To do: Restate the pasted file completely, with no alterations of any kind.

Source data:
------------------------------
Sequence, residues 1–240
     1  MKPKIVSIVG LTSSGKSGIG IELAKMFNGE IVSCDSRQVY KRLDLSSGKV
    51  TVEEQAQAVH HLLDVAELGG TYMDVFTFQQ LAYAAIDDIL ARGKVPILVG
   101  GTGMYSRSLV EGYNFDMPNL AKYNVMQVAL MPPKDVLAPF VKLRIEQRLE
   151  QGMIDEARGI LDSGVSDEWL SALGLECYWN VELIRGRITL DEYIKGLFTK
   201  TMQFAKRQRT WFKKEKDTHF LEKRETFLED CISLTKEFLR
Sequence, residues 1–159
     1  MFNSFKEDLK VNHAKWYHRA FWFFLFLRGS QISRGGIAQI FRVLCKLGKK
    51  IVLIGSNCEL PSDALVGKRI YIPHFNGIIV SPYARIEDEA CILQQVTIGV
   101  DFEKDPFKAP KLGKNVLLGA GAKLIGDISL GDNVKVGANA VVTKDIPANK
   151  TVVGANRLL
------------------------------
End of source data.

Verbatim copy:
Sequence, residues 1–240
     1  MKPKIVSIVG LTSSGKSGIG IELAKMFNGE IVSCDSRQVY KRLDLSSGKV
    51  TVEEQAQAVH HLLDVAELGG TYMDVFTFQQ LAYAAIDDIL ARGKVPILVG
   101  GTGMYSRSLV EGYNFDMPNL AKYNVMQVAL MPPKDVLAPF VKLRIEQRLE
   151  QGMIDEARGI LDSGVSDEWL SALGLECYWN VELIRGRITL DEYIKGLFTK
   201  TMQFAKRQRT WFKKEKDTHF LEKRETFLED CISLTKEFLR
Sequence, residues 1–159
     1  MFNSFKEDLK VNHAKWYHRA FWFFLFLRGS QISRGGIAQI FRVLCKLGKK
    51  IVLIGSNCEL PSDALVGKRI YIPHFNGIIV SPYARIEDEA CILQQVTIGV
   101  DFEKDPFKAP KLGKNVLLGA GAKLIGDISL GDNVKVGANA VVTKDIPANK
   151  TVVGANRLL